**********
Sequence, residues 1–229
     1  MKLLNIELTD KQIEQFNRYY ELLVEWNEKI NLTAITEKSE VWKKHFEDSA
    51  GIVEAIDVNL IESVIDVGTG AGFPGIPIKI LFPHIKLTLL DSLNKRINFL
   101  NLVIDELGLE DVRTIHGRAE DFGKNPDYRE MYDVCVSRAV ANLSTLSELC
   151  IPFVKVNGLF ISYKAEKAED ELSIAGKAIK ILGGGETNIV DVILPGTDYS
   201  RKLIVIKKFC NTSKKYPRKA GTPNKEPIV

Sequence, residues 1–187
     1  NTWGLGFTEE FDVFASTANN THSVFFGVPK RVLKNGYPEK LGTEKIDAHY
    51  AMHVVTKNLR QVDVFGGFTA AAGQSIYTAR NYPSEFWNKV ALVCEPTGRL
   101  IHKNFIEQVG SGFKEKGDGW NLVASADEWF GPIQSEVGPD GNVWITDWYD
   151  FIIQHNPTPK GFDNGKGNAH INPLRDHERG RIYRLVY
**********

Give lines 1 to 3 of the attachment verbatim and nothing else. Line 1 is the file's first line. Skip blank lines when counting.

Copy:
Sequence, residues 1–229
     1  MKLLNIELTD KQIEQFNRYY ELLVEWNEKI NLTAITEKSE VWKKHFEDSA
    51  GIVEAIDVNL IESVIDVGTG AGFPGIPIKI LFPHIKLTLL DSLNKRINFL